While the Nikon Z 28-75mm f/2.8 lens may not have the “S” label, it still delivers impressively sharp images at all ranges and gives users a focal range angle of view of about 32-degrees at 28mm and 75-degrees at 75mm. That being said, the vignetting and falloff in the corners are pretty noticeable on both wide and zoomed focal lengths, especially so when the in-camera vignetting control is disabled. This can either be annoying to perfectionists or a stylistic choice to others. Either way, it can be compensated for by applying the vignetting compensation in camera and lens profile in post with apps like Adobe Lightroom Classic or Capture One Pro.
The same issues can be said for barrel distortion on this particular lens. Even though it is mild, it is noticeable. While you can easily remove them with lens profile adjustments, it’s still worth mentioning.
Chromatic aberration in the lens is handled pretty well with only minimal traces found in very high contrast edges and zoomed in at 100%. Basically, unless you were specifically seeking it out, it would be practically unnoticeable.
While there were more noticeable flaws with the 28-75mm lens than found on its S-line siblings, these issues were all very quickly compensated for by applying the lens profiles in camera and in post-production, making it still quite a useful lens for professional or commercial applications, which I even used it on for some of my client work as seen below.
Compared to the Nikon 24-70mm f/2.8 S
I mentioned above how at the minimum and maximum focal ranges, the differences between the 28-75mm f/2.8 and the 24-70mm f/2.8 S are noticeable, especially on the minimum (wide) side. I felt like even though this is not a comparison article, I should show the differences at each focal length so you can see the side-by-side differences.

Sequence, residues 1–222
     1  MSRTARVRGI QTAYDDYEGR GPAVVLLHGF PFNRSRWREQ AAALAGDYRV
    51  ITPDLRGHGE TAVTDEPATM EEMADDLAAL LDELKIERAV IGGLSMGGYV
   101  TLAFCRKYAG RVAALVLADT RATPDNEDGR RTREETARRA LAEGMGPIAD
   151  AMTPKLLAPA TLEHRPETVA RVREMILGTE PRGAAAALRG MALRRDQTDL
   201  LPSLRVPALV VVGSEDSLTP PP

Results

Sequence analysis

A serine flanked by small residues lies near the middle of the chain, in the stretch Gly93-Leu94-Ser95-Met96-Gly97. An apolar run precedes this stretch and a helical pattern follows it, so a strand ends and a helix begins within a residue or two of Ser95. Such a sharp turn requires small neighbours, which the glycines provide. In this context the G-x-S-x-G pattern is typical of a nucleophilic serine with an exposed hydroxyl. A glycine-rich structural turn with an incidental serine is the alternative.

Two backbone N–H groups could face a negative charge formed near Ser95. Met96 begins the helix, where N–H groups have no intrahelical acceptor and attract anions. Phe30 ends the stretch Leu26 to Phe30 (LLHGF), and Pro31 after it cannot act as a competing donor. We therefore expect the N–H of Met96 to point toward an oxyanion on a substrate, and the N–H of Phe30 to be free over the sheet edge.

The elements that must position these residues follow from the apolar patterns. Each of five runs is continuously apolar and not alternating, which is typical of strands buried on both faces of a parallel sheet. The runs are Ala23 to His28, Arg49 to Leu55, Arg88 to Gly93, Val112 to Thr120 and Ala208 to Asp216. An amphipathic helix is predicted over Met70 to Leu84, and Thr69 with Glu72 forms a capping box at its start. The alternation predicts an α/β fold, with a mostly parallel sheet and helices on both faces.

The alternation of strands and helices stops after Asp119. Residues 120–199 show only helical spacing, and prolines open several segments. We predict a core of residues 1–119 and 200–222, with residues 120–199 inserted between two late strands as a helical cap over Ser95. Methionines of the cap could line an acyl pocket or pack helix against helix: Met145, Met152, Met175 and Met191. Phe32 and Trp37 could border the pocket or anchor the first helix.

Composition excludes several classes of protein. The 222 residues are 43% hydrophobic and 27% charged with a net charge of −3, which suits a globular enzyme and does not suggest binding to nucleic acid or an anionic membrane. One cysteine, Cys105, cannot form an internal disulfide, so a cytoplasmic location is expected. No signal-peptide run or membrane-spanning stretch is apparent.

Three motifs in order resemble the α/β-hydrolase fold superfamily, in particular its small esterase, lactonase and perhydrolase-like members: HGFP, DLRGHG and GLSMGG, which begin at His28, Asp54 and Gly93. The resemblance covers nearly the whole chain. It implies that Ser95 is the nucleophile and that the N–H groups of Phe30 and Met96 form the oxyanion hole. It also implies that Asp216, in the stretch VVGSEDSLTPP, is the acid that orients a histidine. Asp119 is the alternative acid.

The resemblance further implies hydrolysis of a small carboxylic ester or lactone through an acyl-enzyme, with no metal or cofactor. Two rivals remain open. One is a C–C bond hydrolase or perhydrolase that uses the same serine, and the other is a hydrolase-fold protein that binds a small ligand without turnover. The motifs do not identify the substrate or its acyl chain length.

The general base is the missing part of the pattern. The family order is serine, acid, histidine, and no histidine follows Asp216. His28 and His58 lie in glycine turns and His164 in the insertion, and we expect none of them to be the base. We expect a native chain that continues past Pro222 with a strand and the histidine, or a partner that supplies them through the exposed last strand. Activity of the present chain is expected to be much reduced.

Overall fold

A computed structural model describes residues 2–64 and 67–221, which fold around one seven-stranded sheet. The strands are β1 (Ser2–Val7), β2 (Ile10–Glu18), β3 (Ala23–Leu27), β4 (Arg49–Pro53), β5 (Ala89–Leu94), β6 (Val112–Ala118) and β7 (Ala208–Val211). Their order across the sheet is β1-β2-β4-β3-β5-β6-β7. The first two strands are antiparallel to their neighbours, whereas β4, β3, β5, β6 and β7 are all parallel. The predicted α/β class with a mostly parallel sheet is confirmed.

As you can see below, the difference at the maximum zoom is noticeable but subtle, but at the wide-angle view, it is much more significant. Potential buyers will have to decide if that missing 4mm on the wide end is really worth the extra $1,000-plus, though.
An Affordable Lens That Checks Most of the Boxes
Despite its flaws, given the price, it’s hard to say that Nikon has done anything other than deliver a fantastic lens for Z-mount shooters. At the very least, it provides a more affordable option for the format. The lens has a smooth and attractive bokeh, impressive sharpness throughout the zoom and aperture range, and a reasonably weather-resistant body. The lightweight and affordable zoom lens might lack internal stabilization, but it is more than capable for landscapes as well as portraits despite the slight imperfections that are easily accommodated for in post-production.
Professionals focused on the high-end may pass on it, but for enthusiasts who are looking to round out their kits, the lightweight 28-75mm f/2.8 is a worthwhile addition. Videographers will also benefit from the silent aperture control and autofocus that exhibits very little focus breathing.
Are There Alternatives?
There are a lot of options in both Z mirrorless mounts that grows when you consider F-mount adaptation. On the more high-end, there is of course the Nikkor Z 24-70mm f/2.8 S. Conversely, for those looking to save even more on the price, the Nikkor Z 24-70mm f/4 S is an option.
Additionally, the similarly priced Nikkor Z 24-120mm f/4 is available for those needing some more reach at the expense of the aperture range. Another Z mount option is the Z 24-50mm f/4-6.3 for a significantly smaller size and focal range. Additionally, some F-mount with FTZ options includes the Tamron 24-70mm f/2.8, Nikon 24-70mm f/2.8, and Sigma 24-70mm f/2.8.
Should You Buy It?
Yes, if you are an enthusiast looking to get the f/2.8 maximum aperture on a zoom lens but want to avoid the hefty price and weight of the 24-70mm S, the $1,196 Z 28-75mm f/2.8 lens is a fantastic choice.